Choosing a Broker

To physically buy and sell shares on the Australian Stock Exchange you have to be a stock exchange member and as this is not practical or possible for most of us we have to utilise the services of a broker.

Gone are the days of hardcopy share certificates which means investors need to hold their share investments within the structure of the CHESS system.

 Choosing a broker

Choosing a broker is an important investment decision for a variety of reasons. Issues you may want to consider are:

  • Do you need a full service, discount or internet broker?
  • Do you need more than one broker?
  • How do you decide which broker is best for you?
  • What online services does the broker provide?
  • What costs are involved?

Your specific needs as an investor are the first consideration when you are choosing a stock market broker.  For example, if you want to receive advice on which stocks to buy or sell and aren’t comfortable with making trades on the internet, then you may need a full service broker. On the other hand, cost may be an issue so you may want to consider an online broker.

Morningstar and the ASX have an excellent article available on How to Choose a Broker which takes you through the important things to consider and also explains the process of what physically happens when you buy and sell.  This article is well worth a read.

You may be interested in looking at Online Brokers Australia which might also be helpful.

The ASX also has a Find a Broker search function available.  Find a Broker helps you select the products, services and types of investments you are looking to get from a broker.  By filling in the search, the ASX will provide you with a list of brokers that match your investment needs.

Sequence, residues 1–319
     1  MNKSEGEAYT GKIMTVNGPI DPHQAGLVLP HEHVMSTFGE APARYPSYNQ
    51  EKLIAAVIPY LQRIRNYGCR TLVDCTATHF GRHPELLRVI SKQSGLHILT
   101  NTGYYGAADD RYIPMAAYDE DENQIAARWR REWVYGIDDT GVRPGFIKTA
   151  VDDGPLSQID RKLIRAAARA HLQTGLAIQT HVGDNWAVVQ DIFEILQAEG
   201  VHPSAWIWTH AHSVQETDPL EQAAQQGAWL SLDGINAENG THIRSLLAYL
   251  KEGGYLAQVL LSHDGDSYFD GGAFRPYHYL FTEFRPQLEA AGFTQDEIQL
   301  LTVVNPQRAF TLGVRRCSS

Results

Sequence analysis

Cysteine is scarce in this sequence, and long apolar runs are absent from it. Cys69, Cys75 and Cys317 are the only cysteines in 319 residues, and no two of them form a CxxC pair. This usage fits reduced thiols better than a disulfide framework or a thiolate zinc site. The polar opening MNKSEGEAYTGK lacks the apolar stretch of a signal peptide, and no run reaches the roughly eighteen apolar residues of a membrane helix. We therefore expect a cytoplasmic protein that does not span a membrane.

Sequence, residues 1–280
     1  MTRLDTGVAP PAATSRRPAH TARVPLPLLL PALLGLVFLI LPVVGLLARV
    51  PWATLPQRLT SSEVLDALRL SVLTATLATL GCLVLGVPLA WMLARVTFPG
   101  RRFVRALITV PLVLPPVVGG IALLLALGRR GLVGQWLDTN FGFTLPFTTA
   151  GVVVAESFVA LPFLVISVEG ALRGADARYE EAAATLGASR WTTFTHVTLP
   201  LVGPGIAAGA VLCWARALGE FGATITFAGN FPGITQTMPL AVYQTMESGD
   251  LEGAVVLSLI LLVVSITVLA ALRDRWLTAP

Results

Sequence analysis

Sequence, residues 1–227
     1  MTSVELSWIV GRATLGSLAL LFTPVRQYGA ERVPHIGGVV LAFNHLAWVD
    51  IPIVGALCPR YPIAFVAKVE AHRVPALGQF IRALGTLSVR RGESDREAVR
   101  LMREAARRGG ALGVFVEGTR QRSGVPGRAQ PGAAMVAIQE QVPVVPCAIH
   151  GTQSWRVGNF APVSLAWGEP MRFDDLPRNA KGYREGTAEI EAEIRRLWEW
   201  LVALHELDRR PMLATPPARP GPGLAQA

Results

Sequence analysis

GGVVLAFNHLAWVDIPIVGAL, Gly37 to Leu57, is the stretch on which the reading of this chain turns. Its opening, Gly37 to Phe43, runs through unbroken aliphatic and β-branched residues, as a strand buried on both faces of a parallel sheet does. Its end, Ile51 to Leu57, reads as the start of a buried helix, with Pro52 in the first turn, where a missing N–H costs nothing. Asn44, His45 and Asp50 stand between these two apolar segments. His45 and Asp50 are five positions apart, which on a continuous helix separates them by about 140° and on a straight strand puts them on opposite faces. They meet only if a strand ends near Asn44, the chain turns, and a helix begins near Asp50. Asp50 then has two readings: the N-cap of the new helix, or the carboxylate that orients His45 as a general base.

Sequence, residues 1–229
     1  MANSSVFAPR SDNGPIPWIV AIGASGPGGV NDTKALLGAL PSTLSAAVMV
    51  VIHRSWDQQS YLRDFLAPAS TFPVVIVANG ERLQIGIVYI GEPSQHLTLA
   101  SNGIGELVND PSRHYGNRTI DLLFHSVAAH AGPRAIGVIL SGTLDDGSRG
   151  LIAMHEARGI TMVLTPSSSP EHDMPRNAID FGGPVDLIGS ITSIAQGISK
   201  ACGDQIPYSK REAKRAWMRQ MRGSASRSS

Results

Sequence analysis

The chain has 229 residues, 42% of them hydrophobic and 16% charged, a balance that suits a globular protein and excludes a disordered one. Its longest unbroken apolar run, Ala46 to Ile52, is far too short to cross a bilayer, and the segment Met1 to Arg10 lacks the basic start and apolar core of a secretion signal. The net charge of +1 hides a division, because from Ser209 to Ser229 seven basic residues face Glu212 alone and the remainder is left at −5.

As your experience grows or your investment needs change you may decide to change your broker.  Changing brokers can be straightforward, just make sure the account with your 'new' broker is in exactly the same name as the one with your 'old' broker and discuss with both how to manage the process, usually it is just a matter of completing a form authorising the transfer of shares from one broker to another.


There are two ways that you can hold shares - on the CHESS subregister under a Holder Identification Number (HIN) or under an Issuer Sponsored arrangment where you are issued with a Security Holder Reference Number (SRN) for each parcel of shares.

CHESS stands for Clearing House Electronic Subregister System.  You can elect to have a broker or a margin lender act as your CHESS sponsor and you will have one HIN for each broker that sponsors any of your shares. You can enter into a sponsorship agreement with more than one CHESS provider.

Being registered in the CHESS system makes it easy to sell a share as you don't need to provide the broker with the relevant SRN.  You will also recieve CHESS statements at the end of each month if there have been any movement in the balance of your holding.  Using the CHESS system transactions are registered on this electronic settlement and transfer system and each company’s share registry is automatically advised of ownerships changes.

The ASX has a good FAQ article on CHESS and explains the difference between HIN’s and SRN’s. For those investors who hold shares gained from a float and have never dealt with a broker before, this article is definitely worth a read.